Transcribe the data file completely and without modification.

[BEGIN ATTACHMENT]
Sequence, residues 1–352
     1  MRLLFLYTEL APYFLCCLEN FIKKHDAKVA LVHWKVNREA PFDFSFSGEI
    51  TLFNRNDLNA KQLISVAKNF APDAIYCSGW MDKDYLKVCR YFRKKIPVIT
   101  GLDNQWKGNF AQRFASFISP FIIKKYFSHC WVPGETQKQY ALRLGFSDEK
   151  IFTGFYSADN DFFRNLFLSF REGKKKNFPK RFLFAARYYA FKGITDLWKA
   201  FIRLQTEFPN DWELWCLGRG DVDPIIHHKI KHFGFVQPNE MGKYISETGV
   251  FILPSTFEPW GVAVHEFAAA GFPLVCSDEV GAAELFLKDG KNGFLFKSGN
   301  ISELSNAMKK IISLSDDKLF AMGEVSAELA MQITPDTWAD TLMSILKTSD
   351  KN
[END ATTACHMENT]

Sequence, residues 1–352
     1  MRLLFLYTEL APYFLCCLEN FIKKHDAKVA LVHWKVNREA PFDFSFSGEI
    51  TLFNRNDLNA KQLISVAKNF APDAIYCSGW MDKDYLKVCR YFRKKIPVIT
   101  GLDNQWKGNF AQRFASFISP FIIKKYFSHC WVPGETQKQY ALRLGFSDEK
   151  IFTGFYSADN DFFRNLFLSF REGKKKNFPK RFLFAARYYA FKGITDLWKA
   201  FIRLQTEFPN DWELWCLGRG DVDPIIHHKI KHFGFVQPNE MGKYISETGV
   251  FILPSTFEPW GVAVHEFAAA GFPLVCSDEV GAAELFLKDG KNGFLFKSGN
   301  ISELSNAMKK IISLSDDKLF AMGEVSAELA MQITPDTWAD TLMSILKTSD
   351  KN